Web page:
Aspiring actress Julie Greer is talking to someone on the phone when there is a knock at the door. She puts the phone down and answers the door. A person, who we don't see but who Julie obviously knows, enters. She tells the person to quit and leave. The person attacks and strangles her. Julie's last words are to repeatedly scream out "George Townsend". Julie's body is discovered by her roommate Ann Farmer. Millionaire police captain Amos Burke, with the assistance of fellow officers Phil Winslow and Joe Nolan, investigate the case. A little black book containing the names of many men, whom Julie may have had affairs with and dumped over the years, is found. The names include: Rex, the singing cowboy star of a TV series; Dr. C.Z. Coombs, a veterinarian; Joe Montana, a punch-drunk prize fighter; Roy, a respected married judge and old friend of Burke; Zambini, the owner of the laundromat that Julie frequented; and Fairchild, the bartender at a beatnik dive where Julie used to hang out. Burke also keeps looking for the elusive George Townsend and for the person who was on the phone when Julie was killed. Townsend suddently calls the police, after seeing his name in the paper, and turns himself in. Having previously interviewed Mrs. Pierce, Townsend's former landlady (who happens to be blind), Burke brings her to the police station to participate in a police lineup! He hopes that she will be able to ID Townsend's voice. Unfortunately, she identifies Phil Winslow's voice as that of her tenant. It seems that the George Townsend they have in custody is a drunk who just wanted the notoriety. Later, Burke discovers that Dr. Coombs was the person on the phone. Figuring out who the real killer is, Burke arranges for Dr. Coombs to report that he heard Julie call out the words "Forever Rose", which just happen to be the words tattooed on Phil Winslow's shoulder. Mrs. Pierce hadn't made a mistake - Winslow was the tenant, registered under the phony name of George Townsend, and was indeed one of Julie's lovers and her killer.moreless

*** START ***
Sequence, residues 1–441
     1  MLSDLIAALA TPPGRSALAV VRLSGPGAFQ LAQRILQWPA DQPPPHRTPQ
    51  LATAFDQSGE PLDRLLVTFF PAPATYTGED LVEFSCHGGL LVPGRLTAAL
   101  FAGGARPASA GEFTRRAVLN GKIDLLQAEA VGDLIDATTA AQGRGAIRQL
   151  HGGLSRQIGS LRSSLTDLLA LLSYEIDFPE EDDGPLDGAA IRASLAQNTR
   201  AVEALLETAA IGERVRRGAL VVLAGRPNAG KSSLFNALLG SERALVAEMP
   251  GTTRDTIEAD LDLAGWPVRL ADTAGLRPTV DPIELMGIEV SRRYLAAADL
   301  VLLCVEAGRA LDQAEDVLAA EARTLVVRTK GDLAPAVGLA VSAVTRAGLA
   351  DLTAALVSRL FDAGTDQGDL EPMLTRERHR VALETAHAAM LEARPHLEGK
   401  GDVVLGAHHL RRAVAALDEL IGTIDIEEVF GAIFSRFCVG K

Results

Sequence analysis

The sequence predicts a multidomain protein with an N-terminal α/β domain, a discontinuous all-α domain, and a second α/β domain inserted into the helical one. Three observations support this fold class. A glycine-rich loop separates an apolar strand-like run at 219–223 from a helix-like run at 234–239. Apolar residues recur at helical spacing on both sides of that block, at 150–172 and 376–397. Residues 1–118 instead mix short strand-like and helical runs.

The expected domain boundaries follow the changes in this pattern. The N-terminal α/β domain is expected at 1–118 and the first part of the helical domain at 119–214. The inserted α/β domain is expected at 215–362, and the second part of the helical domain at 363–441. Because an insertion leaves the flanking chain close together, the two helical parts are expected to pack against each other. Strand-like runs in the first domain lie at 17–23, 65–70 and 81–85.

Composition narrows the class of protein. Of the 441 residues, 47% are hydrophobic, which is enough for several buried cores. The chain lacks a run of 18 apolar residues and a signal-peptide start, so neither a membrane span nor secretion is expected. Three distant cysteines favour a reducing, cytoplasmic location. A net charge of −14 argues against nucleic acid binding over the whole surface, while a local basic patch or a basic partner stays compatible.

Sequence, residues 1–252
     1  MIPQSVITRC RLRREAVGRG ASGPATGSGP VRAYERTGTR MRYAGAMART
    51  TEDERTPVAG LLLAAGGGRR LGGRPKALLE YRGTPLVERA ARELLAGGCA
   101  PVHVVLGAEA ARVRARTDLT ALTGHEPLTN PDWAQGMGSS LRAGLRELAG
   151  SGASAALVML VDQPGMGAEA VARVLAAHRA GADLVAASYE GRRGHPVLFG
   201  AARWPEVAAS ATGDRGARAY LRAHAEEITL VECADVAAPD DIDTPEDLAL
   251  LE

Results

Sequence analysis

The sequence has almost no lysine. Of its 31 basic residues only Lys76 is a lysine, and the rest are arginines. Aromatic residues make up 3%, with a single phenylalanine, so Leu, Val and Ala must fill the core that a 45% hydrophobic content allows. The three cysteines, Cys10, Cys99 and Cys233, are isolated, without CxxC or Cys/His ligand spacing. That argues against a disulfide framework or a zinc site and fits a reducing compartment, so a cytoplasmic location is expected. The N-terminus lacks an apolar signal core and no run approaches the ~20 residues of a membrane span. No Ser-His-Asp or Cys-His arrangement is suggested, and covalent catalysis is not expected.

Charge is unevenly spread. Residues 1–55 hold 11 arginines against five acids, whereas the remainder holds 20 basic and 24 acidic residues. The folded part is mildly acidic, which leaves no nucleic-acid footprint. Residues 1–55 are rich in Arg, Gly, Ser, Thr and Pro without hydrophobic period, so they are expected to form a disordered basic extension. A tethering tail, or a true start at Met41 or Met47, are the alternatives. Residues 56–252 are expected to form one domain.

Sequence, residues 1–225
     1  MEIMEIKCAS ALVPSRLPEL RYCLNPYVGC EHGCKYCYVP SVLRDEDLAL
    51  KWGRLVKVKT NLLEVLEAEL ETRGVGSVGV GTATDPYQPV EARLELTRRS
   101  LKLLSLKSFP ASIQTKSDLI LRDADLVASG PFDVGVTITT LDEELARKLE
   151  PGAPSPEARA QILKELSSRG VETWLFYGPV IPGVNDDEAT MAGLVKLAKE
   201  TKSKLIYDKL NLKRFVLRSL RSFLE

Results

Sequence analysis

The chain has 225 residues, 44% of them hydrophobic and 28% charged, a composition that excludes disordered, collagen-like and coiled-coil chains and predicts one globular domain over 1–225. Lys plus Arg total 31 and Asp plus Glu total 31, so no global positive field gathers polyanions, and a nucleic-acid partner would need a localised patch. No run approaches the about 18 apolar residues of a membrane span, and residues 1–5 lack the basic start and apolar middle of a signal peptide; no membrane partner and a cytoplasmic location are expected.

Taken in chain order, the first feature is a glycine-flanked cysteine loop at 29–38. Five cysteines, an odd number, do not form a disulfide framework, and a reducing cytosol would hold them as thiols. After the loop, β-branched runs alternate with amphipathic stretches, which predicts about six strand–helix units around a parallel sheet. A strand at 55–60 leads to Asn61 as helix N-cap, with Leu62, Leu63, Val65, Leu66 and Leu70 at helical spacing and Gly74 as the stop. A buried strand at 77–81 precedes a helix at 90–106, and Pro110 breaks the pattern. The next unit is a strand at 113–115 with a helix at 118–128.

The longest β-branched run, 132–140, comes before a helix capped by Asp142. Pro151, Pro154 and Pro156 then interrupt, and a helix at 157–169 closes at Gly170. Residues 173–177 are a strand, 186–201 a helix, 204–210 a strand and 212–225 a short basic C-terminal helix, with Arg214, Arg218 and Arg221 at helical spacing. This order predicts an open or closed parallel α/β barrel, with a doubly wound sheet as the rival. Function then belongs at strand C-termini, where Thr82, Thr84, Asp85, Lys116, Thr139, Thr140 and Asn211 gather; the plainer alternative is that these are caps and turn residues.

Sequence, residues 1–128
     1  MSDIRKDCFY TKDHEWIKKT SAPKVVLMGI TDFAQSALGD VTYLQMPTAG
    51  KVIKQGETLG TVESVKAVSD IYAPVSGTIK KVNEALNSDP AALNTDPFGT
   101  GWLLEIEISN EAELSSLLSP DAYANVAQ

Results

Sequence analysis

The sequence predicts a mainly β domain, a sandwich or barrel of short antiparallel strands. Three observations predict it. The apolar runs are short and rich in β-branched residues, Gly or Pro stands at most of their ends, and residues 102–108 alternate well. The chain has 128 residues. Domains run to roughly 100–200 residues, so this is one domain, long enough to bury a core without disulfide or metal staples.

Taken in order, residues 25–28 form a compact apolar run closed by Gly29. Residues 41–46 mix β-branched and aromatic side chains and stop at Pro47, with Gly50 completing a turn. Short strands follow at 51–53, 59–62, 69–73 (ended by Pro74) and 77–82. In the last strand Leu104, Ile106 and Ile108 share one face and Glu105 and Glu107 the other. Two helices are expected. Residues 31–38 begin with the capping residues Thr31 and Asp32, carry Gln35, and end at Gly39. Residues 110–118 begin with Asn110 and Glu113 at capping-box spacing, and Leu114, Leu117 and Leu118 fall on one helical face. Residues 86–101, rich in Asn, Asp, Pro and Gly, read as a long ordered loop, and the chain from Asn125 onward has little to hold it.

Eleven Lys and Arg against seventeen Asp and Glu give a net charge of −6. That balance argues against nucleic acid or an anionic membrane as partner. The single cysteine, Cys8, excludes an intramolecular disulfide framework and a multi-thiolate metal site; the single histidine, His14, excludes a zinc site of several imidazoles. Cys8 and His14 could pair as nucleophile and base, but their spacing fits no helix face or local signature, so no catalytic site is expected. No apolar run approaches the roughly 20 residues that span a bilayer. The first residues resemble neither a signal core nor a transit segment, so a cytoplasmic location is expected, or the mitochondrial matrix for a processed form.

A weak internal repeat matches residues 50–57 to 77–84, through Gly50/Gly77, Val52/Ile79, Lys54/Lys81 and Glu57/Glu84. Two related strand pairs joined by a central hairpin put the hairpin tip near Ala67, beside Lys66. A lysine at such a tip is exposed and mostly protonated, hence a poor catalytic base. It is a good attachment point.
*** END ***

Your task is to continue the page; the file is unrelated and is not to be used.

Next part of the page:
Dick Powell originated the role of police detective captain Amos Burke in this episode.
Amos Burke, of course, was a millionaire who drove a Rolls Royce and lived in Beverly Hills. (Burke had inherited his wealth.) Regis Toomey and Dean Jones played Amos Burke's fellow detectives.
Carolyn Jones was murdered at the beginnng of the episode and Amos Burke's suspects included Ronald Reagan, Lloyd Bridges, and Nick Adams. The killer finally turned out to be Dean Jones, the young detective on the case who it turned out was seeing Jones. The episode was written by Frank D. Gilroy, who would later win awards for the Broadway play "The Subject was Roses" starring Jack Albertson, Irene Daily, and Martin Sheen. "Burke's Law" didn't sell right away. It didn't start till the season after next (1963-64) and not on "The Dick Powell Show" network (NBC) but on ABC. Dick Powell made a dandy Amos Burke. Jackie Cooper was orignally annouced to replace him as Amos Burke. Cooper would have been terrific, but it didn't happen. My guess is Cooper wanted to co-produce the series through his own company (as he did with "Hennessy") but that Four Star balked. Gene Barry was a superb Amos Burke, but I don't think he was quite as good as Dick Powell. I think Cooper would have been very good, more like Powell. The problem with "Burke's Law" was that it just didn't seem to matter who the murderer was. Maybe Jackie Cooper would have been a slightly more serious Amos Burke and made the sophisticated humor more of a background to the show rather than the center.moreless
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